Analysts’ answers, part 2: Grammar and usage questions for Spanish-language websites


The most useful phrase I ever learned in Spanish class was “Como se dice?” (Translation: “How do you say that?”). That question opens the door to expressing any idea, including the ideas marketers connecting with Spanish-language audiences need to express, like “Pruebalo gratis!” or “Free Trial.”

This is the second in a three-part series of posts with answers to some of the questions from our March 25th clinic on optimizing Spanish-language landing pages. (Part one is here.) The answers were provided by our team of analysts, including Ana Diaz, Arturo Silva, and Boris Grinkot, along with research where cited.

Q: When do I use Contactenos and when do I use Contactanos? I have seen both spellings on websites.

A: This is a great question and tricky one. The answer is not simple as they can be interpreted differently by every Spanish-speaking country. Both versions are grammatically correct. However, I interpret “Contáctenos” as the formal version of “Contáctanos”. The first one is addressing the visitor in a formal, professional way as if you were addressing the visitor as “Usted” (formal “You”) and the second one is an informal way as if you were addressing the visitor as “” (informal “You”).

Q: How can we accommodate all the different varieties of Spanish around the world? This has been our challenge.

A: As with any other segmentation decision, you will need to do the math to decide whether it’s worth the investment.

While there are indeed cultural and language differences among different Spanish-speaking countries, the decision about the language should be no different than other content segmentation decisions. If your value proposition needs to be expressed differently in each country, it would make sense to create a country-specific version of your page. I would recommend testing your value proposition in your PPC ad copy, especially since the top search engines let you target your ads geographically. This, of course, requires that you possess copywriting talent with linguistic, cultural, and marketing expertise specific to the target geography.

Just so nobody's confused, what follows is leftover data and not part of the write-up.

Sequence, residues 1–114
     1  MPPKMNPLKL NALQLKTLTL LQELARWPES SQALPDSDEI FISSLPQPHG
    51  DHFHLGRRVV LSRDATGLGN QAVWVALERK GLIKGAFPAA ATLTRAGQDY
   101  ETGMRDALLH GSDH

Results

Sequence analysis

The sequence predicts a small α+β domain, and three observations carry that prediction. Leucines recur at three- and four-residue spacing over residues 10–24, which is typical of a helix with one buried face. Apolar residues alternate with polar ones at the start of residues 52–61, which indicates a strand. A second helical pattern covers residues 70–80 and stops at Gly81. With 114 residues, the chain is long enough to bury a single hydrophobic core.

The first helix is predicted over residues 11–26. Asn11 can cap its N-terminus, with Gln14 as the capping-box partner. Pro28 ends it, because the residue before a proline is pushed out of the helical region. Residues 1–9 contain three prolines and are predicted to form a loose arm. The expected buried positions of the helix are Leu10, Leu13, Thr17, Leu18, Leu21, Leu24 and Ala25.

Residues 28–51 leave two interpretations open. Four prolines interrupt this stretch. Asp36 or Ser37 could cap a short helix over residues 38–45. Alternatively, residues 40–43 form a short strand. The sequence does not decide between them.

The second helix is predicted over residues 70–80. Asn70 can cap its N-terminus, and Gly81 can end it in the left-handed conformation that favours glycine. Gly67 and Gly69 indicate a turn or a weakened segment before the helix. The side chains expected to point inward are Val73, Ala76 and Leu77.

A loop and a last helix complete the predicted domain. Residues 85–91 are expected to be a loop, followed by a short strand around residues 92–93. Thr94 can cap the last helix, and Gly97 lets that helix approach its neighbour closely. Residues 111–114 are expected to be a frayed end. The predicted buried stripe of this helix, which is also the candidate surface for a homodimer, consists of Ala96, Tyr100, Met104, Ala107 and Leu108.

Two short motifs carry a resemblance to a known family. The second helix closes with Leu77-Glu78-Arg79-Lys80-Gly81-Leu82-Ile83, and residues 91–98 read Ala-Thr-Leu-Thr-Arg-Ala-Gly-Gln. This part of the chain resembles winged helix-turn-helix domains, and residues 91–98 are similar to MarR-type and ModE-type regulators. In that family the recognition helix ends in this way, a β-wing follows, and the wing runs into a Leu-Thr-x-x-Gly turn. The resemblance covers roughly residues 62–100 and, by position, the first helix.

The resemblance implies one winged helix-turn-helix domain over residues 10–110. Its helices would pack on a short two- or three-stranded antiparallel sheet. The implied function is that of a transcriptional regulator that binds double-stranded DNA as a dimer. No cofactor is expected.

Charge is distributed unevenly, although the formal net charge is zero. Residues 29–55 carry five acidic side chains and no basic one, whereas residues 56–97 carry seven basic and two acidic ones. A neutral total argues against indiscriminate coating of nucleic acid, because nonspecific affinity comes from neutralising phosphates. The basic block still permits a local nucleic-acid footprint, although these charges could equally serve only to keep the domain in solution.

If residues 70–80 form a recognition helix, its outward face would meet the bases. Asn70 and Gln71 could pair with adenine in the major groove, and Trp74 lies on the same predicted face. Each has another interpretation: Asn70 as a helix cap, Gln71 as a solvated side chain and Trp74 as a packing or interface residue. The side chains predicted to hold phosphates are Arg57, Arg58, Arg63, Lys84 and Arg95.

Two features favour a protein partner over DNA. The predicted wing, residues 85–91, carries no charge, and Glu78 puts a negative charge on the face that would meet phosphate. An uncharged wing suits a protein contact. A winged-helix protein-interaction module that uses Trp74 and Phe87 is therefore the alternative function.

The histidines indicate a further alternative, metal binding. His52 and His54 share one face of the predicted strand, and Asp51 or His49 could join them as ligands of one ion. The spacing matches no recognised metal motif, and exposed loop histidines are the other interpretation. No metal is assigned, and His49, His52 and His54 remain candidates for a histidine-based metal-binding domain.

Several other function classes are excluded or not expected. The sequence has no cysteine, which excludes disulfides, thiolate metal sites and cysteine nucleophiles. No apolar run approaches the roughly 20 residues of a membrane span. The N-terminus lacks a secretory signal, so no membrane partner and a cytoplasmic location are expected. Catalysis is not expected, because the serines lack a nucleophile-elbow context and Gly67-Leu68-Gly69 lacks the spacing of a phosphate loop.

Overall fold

The mechanics of switching among different geographies or dialect preferences can be straightforward. Typically, websites have been successful in using flags to allow the user to indicate country/language preference. Adding geotargeting will allow you to pre-select the locale based on the user’s IP address, although the geotargeting data is still not 100% reliable and you have to be careful to make it easy for the visitor that was mis-targeted to change the preference. All this necessarily increases the friction on your site, ultimately leading to increased confusion and lower conversion rates.

As with the investment into targeted translations, you will need to weigh the pros of this site modification (giving visitors access to preferred language format) against the cons (mis-guessing their preference based on IP data and asking them to make a selection—an additional friction element—where otherwise they would’ve been content with a “default” Spanish version or with the English-language original).

The most economical and simplest solution is to have a single Spanish-language version of your site, written and/or proofed by copywriting professionals that understand the differences among Spanish dialects and cultures. Their expertise will help you avoid the often popularized faux pas of using words that are benign in one dialect and obscene in another. If your company is targeting a global audience, having a “Spain” Spanish version (and indicating so) may suffice. If you are targeting U.S. Hispanics, you likely don’t need to have a version for every country of origin. Yet again, you should consider your ROI. While there are 21 Spanish-speaking countries, only three account for over 75% of U.S. Hispanic population, according to the U.S. Census Bureau (64% Mexico, 9% Puerto Rico, and 3.4% Cuba).

Q: Do I have to use Correro Electronico or can I use email in my forms?

A: Email has become a common word used in Spanish and many other languages. I think you can use email, it’s shorter and simpler, and most will know it. However, for the rest of the fields in your form make sure to use “Nombre” instead of “Name” and “Teléfono” instead of “Phone”. Also, for your sub-headline “Liberte Tarjeta de Llamamiento” I would suggest using something like “Recibe tu tarjeta de llamadas gratis”.

To emphasize the variety of expression possible in any language, when I asked our bilingual team how to say “7-day free trial,” they gave me three different answers: “Pruebalo gratis,” “Pruebalo gratis por 7 dias,” or “Membresia gratuita por 7 dias”. Each way of phrasing the offer has a particular connotation; marketers who want to present their offers most effectively will consider the nuances of language as they’re developing copy for their pages and sites.

Many thanks to the marketers who asked these questions — they heighten everyone’s awareness that translating ideas from English to Spanish is a complex process.

Check back for the third post in our series, addressing the clinic audience’s questions about technical issues such as meta keywords and mirroring sites.

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